He had a dreadful cast and coach to be sure, and it is not a death knell for an 18 year old with Fultz’s talent. But the bottom line did not add up like it should have, and there should be concern that the bottom line will not add for his NBA team in the future. There are a few possible weaknesses we can derive from this:
Fultz’s main selling point is his ability to carry an NBA offense, so it is disconcerting that his college offense struggled so badly. This is especially true since he is in the mold of a player who should elevate a poor team to adequacy. The fact that Washington couldn’t even muster a top 100 offense suggests that maybe his passing impact is not nearly as good as his assist rate implies. Fultz may lack the basketball IQ to make good decisions with the ball, even if he sees the floor well.
Perhaps as he matures and receives higher quality coaching, he develops into a good floor general. But it is also possible that he does not make nearly the same passing impact as Harden in spite of a higher NCAA assist rate.
Washington’s biggest issue was their catastrophic defense. And in the 6 games that Fultz missed, the defense actually performed slightly better (although the offense fell of a cliff with no other ball handlers to run the offense). Even though Harden is weak defensively, there is some chance that Fultz is worse.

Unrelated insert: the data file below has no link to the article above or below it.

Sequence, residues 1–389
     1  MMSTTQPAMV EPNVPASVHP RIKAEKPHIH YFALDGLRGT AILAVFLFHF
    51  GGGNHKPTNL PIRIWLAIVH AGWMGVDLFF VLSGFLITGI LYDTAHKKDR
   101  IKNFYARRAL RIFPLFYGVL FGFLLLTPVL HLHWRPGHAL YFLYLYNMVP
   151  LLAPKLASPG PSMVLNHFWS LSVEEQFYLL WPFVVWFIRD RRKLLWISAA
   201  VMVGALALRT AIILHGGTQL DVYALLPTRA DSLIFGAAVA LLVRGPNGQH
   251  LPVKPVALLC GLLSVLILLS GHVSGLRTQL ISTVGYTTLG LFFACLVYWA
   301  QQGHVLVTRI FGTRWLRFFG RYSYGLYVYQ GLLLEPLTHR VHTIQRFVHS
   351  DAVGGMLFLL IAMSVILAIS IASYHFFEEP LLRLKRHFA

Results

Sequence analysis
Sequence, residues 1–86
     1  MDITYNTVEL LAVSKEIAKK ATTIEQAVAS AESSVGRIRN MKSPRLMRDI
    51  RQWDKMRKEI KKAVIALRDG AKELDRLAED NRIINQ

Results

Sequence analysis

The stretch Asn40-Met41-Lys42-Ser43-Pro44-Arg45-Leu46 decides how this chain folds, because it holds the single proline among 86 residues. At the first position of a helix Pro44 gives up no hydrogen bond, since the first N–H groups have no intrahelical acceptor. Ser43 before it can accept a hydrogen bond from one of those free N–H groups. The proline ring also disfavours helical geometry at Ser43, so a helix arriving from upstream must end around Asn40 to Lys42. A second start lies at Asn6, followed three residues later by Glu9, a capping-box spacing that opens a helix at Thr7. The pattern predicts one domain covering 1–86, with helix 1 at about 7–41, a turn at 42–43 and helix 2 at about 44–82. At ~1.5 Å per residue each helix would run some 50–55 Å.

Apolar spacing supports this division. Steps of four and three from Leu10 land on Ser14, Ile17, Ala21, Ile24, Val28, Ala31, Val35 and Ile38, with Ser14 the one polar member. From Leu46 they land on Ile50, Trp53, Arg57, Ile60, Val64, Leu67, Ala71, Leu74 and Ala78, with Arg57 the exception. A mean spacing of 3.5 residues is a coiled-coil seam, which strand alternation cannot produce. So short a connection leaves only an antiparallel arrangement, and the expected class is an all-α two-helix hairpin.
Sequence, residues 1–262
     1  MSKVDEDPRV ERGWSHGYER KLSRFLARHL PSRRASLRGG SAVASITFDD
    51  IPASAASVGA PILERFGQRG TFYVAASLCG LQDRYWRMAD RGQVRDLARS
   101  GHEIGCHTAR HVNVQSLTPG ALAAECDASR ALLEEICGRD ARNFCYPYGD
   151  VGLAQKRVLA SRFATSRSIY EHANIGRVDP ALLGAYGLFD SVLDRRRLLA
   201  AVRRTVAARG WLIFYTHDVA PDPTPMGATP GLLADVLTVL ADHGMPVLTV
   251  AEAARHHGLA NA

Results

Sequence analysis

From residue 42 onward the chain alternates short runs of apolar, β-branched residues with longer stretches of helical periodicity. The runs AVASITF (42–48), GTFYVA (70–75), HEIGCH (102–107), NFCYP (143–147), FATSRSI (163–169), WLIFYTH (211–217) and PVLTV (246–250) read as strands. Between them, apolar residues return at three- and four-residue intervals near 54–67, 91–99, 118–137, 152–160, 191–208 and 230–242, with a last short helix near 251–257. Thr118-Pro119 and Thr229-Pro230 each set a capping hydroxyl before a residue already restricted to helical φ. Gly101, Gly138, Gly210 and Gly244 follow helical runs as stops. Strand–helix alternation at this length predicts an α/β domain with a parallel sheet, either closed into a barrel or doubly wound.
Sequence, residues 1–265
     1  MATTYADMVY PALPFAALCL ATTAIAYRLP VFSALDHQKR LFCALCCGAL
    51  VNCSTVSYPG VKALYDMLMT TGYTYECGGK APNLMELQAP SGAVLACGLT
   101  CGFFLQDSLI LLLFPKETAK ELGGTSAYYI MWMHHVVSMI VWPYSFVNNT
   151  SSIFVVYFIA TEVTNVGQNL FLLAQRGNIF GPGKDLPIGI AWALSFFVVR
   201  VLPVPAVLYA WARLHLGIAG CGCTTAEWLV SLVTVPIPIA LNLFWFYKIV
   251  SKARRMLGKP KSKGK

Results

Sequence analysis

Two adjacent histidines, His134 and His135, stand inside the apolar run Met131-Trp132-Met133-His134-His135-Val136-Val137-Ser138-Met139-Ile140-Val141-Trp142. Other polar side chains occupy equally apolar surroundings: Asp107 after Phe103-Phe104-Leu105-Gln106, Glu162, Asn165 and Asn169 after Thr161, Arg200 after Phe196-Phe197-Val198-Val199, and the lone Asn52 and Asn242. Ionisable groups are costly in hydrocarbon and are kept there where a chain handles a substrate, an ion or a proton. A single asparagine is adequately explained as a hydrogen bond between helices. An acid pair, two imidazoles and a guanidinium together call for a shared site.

Another area of concern is Fultz’s 65% FT compared to 75% for Harden. Fultz shot well from 3 and was exceptional shooting off the dribble at an extremely high volume. But his poor FT% casts some doubt into the sustainability of that performance and the overall goodness of his shooting. And shooting is extremely important for Fultz, as he is not adept at getting to the rim as his peer De’Aaron Fox, and he relies heavily on pull-up jumpers.
Fultz is an immense talent, and there are easily enough points in his favor to amount to an NBA MVP candidate. But there are enough flags in his passing, shooting, defense, and basketball IQ to create a downside tail as well, as he is far from a safe bet.
I could see him disappointing as a Kyrie Irving type. Irving is seen as a star by many casual fans, but advanced stats see him as a slightly above average starting point guard as his awful defense and poor passing vision detract from his excellent scoring ability.